Around the World in 80 Days / Five Weeks in a Balloon
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Around the World in 80 Days / Five Weeks in a Balloon

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With an Introduction and Notes by Professor Roger Cardinal. University of Kent at Canterbury. Translations are by Paul Desages (Around the World in Eighty Days) and Arthur Chambers (Five Weeks in a Balloon). JULES VERNE (1828-1905) POSSESSED that rare storyteller's gift of being able to present the far-fetched and the downright unbelievable in such a way as effortlessly to inspire his reader's allegiance and trust. This volume contains two of his best-loved yarns, chosen from among the sixty-four titles of Les Voyages Extraordinaires, Verne's pioneering contribution to the canon of modern science fiction. Around the World in Eighty Days (1873) relates the hair-raising journey made as a wager by the Victorian gentleman Phileas Fogg, who succeeds - but only just! - in circling the globe within eighty days. The dour Fogg's obsession with his timetable is complemented by the dynamism and versatility of his French manservant, Passepartout, whose talent for getting into scrapes brings colour and suspense to the race against time. Five Weeks in a Balloon (1863) was Verne's first novel. It documents an apocryphal jaunt across the continent of Africa in a hydrogen balloon designed by the omniscient, imperturbable and ever capable Dr Fergusson, the prototype of the Vernian adventurer.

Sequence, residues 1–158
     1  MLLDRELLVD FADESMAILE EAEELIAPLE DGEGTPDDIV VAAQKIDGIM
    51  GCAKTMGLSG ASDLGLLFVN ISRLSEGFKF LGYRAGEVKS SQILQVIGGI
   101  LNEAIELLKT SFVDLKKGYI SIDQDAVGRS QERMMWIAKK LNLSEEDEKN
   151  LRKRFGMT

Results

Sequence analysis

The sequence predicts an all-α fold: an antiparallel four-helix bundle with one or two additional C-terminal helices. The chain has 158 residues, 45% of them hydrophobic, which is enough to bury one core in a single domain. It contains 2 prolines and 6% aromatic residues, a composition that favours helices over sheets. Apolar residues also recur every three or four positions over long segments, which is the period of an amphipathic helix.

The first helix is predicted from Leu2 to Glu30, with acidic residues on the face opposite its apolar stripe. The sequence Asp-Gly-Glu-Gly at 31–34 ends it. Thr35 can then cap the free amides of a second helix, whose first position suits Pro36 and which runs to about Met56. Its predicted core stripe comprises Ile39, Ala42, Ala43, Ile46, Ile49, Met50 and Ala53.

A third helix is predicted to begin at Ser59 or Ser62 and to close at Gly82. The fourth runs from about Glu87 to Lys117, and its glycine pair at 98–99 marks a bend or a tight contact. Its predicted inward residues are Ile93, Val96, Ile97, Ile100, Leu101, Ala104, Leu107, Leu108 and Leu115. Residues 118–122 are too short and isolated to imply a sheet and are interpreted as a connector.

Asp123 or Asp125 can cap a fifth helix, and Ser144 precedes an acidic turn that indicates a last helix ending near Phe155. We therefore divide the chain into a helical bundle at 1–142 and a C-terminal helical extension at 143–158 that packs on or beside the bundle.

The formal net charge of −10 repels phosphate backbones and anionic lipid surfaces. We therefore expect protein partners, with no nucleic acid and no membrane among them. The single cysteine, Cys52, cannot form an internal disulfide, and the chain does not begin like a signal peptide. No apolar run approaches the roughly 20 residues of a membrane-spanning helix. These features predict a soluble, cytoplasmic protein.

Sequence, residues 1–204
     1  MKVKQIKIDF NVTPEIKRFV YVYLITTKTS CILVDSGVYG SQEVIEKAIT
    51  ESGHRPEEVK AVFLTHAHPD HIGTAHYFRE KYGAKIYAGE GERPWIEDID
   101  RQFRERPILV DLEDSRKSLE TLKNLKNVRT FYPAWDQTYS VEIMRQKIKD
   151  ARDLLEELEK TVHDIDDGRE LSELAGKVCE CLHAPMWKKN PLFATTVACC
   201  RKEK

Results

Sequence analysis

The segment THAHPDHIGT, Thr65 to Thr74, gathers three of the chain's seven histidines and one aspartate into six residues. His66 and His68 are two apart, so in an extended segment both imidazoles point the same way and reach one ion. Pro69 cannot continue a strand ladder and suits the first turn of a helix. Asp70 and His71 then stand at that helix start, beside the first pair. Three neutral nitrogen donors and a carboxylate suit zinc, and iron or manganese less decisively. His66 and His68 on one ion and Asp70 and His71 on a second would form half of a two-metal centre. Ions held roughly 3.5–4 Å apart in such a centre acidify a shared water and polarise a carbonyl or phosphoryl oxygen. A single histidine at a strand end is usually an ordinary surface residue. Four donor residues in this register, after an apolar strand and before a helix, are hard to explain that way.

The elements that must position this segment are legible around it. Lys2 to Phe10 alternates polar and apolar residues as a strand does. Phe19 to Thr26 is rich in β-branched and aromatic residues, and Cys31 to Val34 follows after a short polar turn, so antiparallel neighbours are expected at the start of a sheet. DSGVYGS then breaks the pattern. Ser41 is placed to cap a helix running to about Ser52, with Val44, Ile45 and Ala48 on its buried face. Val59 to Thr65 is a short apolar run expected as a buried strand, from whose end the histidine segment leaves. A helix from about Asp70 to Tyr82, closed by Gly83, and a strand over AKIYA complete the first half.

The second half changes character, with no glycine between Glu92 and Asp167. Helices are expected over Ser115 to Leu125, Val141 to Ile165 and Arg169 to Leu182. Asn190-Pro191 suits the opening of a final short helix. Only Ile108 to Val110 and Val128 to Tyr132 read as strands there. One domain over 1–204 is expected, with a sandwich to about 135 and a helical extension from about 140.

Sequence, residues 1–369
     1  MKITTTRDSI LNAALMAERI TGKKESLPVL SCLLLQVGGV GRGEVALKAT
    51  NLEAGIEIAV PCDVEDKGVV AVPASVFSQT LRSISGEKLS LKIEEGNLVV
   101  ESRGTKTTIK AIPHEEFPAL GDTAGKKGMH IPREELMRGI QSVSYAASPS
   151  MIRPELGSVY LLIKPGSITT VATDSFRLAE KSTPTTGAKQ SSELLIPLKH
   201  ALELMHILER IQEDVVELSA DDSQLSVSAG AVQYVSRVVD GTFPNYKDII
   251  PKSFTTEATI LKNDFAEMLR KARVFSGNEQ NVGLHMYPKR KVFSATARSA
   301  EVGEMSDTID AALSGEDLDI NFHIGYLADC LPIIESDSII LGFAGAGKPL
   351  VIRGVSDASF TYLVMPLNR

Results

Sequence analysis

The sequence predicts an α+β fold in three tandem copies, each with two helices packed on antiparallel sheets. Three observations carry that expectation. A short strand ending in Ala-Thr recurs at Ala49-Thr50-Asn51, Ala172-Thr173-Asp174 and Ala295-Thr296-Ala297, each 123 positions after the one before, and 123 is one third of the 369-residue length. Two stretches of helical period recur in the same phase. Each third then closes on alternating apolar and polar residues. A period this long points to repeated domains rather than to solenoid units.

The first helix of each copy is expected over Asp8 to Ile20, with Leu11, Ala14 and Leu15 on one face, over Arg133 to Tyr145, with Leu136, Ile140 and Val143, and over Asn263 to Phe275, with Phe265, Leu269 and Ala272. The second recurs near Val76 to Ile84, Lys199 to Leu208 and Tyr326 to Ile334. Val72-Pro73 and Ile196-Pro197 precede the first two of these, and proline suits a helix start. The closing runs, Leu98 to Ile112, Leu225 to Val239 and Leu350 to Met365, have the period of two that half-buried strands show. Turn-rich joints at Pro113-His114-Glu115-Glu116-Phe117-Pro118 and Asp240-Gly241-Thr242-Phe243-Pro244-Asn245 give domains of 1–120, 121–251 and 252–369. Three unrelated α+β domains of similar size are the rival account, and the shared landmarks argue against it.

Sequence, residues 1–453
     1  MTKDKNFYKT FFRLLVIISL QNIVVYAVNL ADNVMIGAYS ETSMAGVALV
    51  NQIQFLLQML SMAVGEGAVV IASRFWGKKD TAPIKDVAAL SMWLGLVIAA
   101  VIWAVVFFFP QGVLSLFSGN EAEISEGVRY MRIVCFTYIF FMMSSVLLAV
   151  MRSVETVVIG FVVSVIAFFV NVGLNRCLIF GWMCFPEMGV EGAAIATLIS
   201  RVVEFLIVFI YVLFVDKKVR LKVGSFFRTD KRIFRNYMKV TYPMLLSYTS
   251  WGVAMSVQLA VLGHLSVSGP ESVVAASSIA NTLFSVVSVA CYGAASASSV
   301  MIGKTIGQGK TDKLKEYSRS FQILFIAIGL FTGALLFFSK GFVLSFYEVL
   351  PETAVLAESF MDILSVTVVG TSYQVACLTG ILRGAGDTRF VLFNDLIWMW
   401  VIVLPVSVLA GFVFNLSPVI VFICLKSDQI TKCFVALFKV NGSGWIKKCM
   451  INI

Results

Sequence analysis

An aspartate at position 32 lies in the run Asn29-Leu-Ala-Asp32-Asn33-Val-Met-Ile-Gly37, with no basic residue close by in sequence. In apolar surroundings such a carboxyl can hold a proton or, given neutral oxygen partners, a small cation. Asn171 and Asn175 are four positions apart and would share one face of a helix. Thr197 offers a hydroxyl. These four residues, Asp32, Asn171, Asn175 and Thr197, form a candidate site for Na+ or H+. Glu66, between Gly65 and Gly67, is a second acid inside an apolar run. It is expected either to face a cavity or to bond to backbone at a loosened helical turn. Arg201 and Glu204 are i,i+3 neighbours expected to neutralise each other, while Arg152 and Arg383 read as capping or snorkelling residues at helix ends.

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Product details

  • Paperback | 384 pages
  • 126 x 196 x 22mm | 258.55g
  • Wordsworth Editions Ltd
  • Herts, United Kingdom
  • English
  • 1853260908
  • 9781853260902
  • 9,926

Review Text

An entry in The Whole Story series, this is an annotated edition of the 1873 classic, printed on coated stock and enhanced by both atmospheric new paintings and hundreds of postage-stamp-sized 19th-century photos and prints. The explanatory captions (credited to Jean-Pierre Verdet only on the copyright page) accompanying the latter are largely superfluous, although they do add random snippets of historical background to the journey. It's the views of old ships and trains, of costumed natives, and distant ports of call - from Port Said to San Francisco - that evoke the tale's panorama of the exotic, just as the many lurid Verne trading cards and other spinoffs capture the plot's melodramatic highlights. A good way to put both book and story in context for young armchair travelers. (Kirkus Reviews)

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